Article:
California, in contrast, installed 63 MW of wind capacity bringing the Golden State's total to 2,439 MW. California's wind capacity has been constrained by the State's transmission system. With major upgrades planned, 2,000 MW of new wind capacity is projected by 2013. Currently, California gets 2.6% of its electricity from the wind; Iowa leads the nation with 5.5%.

Wind, Jobs and the PTC: Executives of the four largest manufacturers of wind turbines sold in the United States -- GE Energy, Gamesa, Siemens, and Vestas -- convened in Washington DC last week to lobby for the extension of the Production Tax Credit (PTC) that is slated to expire at the end of 2008. The American Wind Energy Association claims that $19 billion of wind power investment and 116,000 jobs are at risk if the highly effective tax credit expires.

T. Boone Pickens: Investors would be foolish to overlook where T. Boone Pickens is placing his bets. Worth some $2.5 billion, Pickens is a natural trendsetter. Now the entrepreneur is planning to build a 4,000 MW wind farm in Pampa, Texas that could cost as much as $10 billion. Clearly Pickens is betting that the demand for clean environmentally sound energy will increase with concerns about carbon dioxide emissions. Over the next eight years, his company, Mesa Power, plans to erect as many as 1,500 turbines generating 1.5 - 3 MW each. And while wind is a good resource in Texas, in summer, the winds die down. Mesa plans to concurrently build 500 - 600 MW of "solid fuel" power plant capacity as well as a 300 MW "peaker" plant to augment the wind and shore up power purchase agreements.

Virginia Nicols and "Winning the Solar Race"

Editor's Note: It struck me this morning of the coincidence between this week's Eco-Logic focus on horsepower and the following feature on Virginia Nicols' account of who's winning the solar race. To all who know her, Virginia Nicols is a proven force, passionate about learning and eager to share. With graceful tenacity, she is untiring in her mission to inspire the public to take action.

Virginia's presentation probes: Why hasn't the United States been as successful as Germany in the solar policy arena? How can we - the public - demand a safe and sustainable energy future, and get it now? Look East friends. With Tiffany Tay, Virginia is now spearheading EcoMotion's Spanish Solar Research Tour scheduled for October 2008 to learn about Spain's remarkably successful renewable energy policies.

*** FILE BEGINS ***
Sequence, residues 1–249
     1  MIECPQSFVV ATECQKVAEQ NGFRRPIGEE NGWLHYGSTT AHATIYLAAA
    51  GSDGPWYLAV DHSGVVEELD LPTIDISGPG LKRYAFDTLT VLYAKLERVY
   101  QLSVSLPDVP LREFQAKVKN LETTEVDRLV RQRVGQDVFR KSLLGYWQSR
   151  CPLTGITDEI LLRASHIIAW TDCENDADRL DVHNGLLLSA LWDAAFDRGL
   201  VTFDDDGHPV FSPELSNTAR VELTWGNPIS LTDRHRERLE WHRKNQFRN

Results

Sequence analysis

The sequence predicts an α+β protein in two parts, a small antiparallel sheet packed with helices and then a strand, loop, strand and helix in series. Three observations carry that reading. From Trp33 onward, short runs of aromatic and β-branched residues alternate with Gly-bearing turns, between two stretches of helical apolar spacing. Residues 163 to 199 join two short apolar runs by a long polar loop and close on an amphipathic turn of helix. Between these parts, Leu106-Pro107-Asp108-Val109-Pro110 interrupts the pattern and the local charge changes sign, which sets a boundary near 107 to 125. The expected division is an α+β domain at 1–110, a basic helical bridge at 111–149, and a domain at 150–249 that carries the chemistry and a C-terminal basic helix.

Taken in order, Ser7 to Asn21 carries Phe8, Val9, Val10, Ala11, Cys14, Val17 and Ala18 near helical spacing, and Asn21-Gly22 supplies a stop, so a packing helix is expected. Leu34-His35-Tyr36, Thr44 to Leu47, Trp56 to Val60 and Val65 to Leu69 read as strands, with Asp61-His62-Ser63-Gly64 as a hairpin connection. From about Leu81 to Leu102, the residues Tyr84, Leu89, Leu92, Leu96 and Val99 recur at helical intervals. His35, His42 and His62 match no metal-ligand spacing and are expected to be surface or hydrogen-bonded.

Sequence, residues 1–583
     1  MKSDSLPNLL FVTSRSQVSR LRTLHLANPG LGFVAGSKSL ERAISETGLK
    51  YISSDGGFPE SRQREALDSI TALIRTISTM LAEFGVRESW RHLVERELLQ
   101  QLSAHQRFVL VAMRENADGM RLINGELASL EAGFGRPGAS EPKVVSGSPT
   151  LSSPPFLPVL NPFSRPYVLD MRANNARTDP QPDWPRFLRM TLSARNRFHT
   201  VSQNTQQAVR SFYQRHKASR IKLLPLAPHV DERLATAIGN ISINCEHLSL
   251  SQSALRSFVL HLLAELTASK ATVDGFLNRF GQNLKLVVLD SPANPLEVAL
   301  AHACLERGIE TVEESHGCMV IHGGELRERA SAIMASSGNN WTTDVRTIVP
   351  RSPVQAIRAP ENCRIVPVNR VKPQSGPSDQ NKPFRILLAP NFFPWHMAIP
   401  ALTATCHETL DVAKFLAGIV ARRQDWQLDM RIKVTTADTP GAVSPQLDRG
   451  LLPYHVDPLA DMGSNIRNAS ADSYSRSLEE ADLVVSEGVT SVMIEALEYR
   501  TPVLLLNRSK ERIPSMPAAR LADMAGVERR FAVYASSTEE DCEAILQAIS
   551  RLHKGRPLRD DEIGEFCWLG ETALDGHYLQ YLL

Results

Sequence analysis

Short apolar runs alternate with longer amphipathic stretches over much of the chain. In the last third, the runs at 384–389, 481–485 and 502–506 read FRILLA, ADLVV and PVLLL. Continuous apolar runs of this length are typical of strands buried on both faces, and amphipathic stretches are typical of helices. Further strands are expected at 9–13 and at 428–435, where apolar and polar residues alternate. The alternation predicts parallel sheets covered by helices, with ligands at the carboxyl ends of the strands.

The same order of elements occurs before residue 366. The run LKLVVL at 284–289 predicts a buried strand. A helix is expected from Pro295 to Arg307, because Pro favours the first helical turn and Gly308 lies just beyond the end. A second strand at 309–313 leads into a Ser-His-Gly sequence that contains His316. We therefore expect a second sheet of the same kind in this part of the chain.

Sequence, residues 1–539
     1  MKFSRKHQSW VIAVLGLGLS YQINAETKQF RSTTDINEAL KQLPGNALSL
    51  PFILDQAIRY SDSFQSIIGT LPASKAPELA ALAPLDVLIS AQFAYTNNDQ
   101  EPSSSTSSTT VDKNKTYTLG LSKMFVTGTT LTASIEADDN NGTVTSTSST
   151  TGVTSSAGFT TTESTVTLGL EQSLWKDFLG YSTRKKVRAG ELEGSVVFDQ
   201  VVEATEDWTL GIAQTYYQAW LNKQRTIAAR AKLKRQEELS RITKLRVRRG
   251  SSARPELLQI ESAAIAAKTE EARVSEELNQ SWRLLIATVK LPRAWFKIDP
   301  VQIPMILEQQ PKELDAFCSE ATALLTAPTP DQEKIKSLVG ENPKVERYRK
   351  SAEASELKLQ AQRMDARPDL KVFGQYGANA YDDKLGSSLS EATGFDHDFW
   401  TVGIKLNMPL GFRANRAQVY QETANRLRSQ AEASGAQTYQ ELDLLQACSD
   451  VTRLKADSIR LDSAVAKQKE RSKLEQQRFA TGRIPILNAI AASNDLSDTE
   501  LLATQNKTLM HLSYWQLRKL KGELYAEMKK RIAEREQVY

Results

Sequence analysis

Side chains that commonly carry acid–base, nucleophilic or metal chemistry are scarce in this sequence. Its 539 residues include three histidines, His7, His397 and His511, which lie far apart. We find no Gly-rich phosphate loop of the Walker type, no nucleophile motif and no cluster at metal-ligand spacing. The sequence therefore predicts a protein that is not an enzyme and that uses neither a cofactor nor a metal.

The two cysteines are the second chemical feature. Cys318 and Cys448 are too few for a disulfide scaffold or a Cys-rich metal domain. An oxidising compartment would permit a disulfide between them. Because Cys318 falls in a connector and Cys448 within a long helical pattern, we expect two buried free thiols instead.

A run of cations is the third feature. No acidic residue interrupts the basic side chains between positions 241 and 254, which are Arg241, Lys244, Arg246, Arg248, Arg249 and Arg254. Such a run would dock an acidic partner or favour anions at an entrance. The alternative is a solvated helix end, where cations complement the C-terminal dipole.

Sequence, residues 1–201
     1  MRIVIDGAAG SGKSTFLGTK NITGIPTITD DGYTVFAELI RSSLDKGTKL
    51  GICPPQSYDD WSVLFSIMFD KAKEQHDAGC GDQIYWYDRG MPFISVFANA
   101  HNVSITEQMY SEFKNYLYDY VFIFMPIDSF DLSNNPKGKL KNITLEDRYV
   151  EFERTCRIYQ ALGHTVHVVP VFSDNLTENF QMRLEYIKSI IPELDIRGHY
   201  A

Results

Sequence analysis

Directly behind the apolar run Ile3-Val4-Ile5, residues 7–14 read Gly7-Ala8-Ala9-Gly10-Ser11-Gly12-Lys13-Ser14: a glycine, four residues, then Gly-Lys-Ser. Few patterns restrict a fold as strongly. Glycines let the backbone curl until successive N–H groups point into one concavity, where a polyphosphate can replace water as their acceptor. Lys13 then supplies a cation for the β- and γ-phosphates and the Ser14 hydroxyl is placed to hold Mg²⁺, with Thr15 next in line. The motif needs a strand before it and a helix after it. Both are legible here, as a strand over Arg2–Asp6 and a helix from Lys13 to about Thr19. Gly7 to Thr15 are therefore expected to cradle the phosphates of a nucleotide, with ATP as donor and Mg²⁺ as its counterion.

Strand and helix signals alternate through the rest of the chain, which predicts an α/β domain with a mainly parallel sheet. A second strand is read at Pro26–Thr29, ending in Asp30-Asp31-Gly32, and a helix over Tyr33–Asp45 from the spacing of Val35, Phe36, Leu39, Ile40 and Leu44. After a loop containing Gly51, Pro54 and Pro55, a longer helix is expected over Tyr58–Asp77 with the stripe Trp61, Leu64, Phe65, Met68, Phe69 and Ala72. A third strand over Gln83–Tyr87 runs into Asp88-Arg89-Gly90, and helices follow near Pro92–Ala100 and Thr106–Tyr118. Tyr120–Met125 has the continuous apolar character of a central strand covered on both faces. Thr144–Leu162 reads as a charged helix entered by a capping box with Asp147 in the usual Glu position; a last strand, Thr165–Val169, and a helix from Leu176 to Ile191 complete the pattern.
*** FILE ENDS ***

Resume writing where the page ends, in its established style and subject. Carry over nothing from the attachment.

EcoMotion's Virginia Nicols recent presentation at the Municipal Green Building Conference & Expo held in Downey, California raised eyebrows and later drew many nods. Her presentation, "Why Germany is Winning the Solar Race," was based in large part on EcoMotion's October 2007 Study Tour, and centered on the German Feed-In Tariff. This policy, started in the early 1990s but revitalized in 2004, has led to Germany's having half the world's photovoltaic capacity.

Recently, a number of countries have come forward with feed-in tariffs of their own, including France, Spain, and Greece. Naturally, these tariffs get compared with the German model. Virginia highlighted the three main features of the German model which are useful in making such comparisons: simplicity, reliability, and rates. In brief:

1. Germany will accept all solar power fed into the grid, no matter who produces it - an individual, a group, an investment fund - and no matter how much is produced.
2. Once a system is producing, its owner will receive the same amount for every kWh produced for 20 years.
3. The tariff is high enough to be financially attractive. Even after three years of step-downs, the current tariff is approximately $0.65 per kWh, or about four times the cost of "regular" electricity.

As a result of these policies, Germany has not only installed systems on over 300,000 roofs, but it has developed a quarter million jobs in various aspects of solar and other renewable energy - from research and development to manufacturing, training, marketing and installation.

Given recent trends in the U.S., the economic development aspect of renewable energy may turn out to be even more compelling than the "clean" energy message. Entrepreneur and activist Van Jones, pictured with Virginia, was keynote speaker at the MGBE conference. In the face of global warming threats, Jones' Green for All movement connects the need for jobs and job training in urban centers in the U.S. with the need for massive "green" retrofits.